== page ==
George Osborne revives ideology

I sat in the front row at Demos this morning for shadow chancellor George Osborne’s speech to the think tank (I’m an associate of Demos). Osborne was personable and relaxed. His speech was intelligent and fluently delivered. The man’s a natural. Much that he said was also rather persuasive (but this isn’t the blog post where I announce my conversion to the Tories). He highlighted three types of fairness: fair reward for hard work, fair access to opportunity and (interesting, this one) ‘intergenerational’ fairness.

The whole thing was couched in some proper, old-fashioned ideology: the state cannot guarantee fairness, only a free market operating within a social and legal framework can do that. Osborne made the first explicit reference I’ve heard in many years to Friedrich Hayek’s The Road to Serfdom and for balance he provided a reference to John Rawls (and Osborne’s phrase ‘fair equality of opportunity’ is obviously borrowed from Rawls).

I asked if these traces of ideology might mean we’re in for a bit of argy-bargy—a contest of ideas between the major parties—between now and the election. Osborne’s reply was hardly encouraging: he acknowledged that in some areas it might be difficult to tell the difference between his position and David Milliband’s, for instance. I’m hopeful, though: I’d like to see the parties taking up real positions for the next election—as an antidote to the enervating political paralysis of the Brown era.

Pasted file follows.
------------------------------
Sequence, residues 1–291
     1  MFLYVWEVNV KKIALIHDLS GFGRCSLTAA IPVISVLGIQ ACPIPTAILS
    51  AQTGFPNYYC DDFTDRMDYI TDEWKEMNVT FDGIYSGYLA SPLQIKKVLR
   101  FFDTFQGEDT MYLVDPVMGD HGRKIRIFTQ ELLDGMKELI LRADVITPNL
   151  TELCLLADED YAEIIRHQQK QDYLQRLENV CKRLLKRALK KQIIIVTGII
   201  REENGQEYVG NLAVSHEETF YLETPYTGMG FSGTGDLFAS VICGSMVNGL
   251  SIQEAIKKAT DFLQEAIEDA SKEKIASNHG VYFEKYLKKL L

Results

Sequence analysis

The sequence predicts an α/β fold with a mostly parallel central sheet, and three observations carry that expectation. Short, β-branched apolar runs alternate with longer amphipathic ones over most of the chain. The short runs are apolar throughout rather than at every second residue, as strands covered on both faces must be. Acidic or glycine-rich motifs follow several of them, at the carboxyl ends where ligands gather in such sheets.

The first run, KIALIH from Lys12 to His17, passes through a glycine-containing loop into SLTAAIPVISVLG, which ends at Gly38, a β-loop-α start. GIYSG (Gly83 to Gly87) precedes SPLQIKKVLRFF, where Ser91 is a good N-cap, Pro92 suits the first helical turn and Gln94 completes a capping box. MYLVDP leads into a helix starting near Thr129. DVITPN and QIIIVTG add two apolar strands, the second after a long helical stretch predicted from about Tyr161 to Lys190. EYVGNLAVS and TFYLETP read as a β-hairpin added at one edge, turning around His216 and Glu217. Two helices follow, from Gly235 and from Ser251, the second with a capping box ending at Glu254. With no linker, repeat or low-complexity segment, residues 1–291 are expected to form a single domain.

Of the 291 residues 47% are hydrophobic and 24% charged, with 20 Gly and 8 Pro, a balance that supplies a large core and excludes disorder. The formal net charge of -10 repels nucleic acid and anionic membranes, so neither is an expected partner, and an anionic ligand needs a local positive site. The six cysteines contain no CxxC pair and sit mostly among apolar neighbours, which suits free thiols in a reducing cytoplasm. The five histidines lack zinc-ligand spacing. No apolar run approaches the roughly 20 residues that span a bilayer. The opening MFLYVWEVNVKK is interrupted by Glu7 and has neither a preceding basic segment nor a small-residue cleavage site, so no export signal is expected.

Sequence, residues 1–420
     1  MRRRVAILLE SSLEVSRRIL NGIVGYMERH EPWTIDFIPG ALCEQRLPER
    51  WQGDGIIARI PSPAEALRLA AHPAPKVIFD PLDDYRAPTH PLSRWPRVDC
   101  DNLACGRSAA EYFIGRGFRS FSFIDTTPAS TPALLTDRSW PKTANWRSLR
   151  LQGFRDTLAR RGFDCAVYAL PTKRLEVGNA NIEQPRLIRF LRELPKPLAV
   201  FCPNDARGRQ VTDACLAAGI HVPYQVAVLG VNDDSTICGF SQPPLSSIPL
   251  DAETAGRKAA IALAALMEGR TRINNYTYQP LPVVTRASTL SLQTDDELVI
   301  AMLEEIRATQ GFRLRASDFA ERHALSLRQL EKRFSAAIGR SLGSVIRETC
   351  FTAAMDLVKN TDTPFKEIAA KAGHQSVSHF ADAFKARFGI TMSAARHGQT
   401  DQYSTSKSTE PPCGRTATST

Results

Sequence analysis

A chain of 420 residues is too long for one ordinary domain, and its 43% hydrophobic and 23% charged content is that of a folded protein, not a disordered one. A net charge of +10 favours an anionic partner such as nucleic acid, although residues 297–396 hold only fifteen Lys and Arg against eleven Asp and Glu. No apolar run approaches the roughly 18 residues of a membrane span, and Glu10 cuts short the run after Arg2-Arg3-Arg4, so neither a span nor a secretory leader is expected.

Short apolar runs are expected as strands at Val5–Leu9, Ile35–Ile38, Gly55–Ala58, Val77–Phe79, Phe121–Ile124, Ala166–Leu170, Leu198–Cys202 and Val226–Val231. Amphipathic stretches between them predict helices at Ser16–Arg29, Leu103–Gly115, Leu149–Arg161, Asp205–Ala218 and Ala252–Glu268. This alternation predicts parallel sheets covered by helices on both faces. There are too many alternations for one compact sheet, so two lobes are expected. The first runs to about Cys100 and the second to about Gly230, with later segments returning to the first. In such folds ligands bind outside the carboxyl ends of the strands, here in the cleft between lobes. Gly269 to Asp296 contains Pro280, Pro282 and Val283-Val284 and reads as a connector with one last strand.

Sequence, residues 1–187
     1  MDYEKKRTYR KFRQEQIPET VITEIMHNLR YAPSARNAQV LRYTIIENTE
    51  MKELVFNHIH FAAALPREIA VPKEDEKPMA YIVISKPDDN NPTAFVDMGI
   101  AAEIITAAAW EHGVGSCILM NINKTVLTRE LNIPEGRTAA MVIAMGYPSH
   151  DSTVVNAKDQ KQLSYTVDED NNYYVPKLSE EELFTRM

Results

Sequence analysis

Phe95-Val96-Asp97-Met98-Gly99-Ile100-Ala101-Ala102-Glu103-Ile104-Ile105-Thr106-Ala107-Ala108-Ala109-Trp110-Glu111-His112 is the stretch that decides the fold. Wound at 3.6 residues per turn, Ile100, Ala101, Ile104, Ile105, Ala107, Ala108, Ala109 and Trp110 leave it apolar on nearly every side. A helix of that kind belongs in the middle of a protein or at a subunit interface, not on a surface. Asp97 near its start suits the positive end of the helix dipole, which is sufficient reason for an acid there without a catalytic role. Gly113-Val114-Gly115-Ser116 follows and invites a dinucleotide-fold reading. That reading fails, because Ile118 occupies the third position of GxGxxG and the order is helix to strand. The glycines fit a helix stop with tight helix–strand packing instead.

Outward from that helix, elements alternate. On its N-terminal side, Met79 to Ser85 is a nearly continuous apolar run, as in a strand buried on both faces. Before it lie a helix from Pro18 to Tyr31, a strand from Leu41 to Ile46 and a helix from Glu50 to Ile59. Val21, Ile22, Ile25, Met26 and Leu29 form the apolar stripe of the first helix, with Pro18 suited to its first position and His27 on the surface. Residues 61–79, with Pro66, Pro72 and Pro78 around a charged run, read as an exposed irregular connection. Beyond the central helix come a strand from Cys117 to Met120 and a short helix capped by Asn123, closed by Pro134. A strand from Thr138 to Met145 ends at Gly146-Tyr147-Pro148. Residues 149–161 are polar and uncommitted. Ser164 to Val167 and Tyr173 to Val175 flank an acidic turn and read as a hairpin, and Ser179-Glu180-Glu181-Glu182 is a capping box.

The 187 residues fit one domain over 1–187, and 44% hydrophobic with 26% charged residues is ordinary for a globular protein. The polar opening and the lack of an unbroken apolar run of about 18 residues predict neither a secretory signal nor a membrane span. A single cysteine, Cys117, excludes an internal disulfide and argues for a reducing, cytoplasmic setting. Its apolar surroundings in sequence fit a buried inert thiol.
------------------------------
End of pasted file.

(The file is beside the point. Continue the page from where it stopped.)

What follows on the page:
Steve Richards has a better account of the speech in The Independent: he’s sceptical about Osborne’s approach to achieving fairness in the context of an out-of-control market.


  1. I’d also really like to understand how the market (whether out of control or not) delivers fairness. Personally, I always thought it was absolutely the role of the state to work towards fairness (but not, of course, to guarantee it) and the role of the market to bend with the wind of human desire. Osborne seems to have this arse over tit.

  2. The market as a social regulator is an illusion.
    That’s why firms deliver late IT projects, late public buildings, late exam results, and no education allowance without seeming to care.
    By the time they are found out they have made their money.
    And so few firms can compete for complicated government contracts that there is no real competiton.

Leave a comment

Your email address will not be published. Required fields are marked *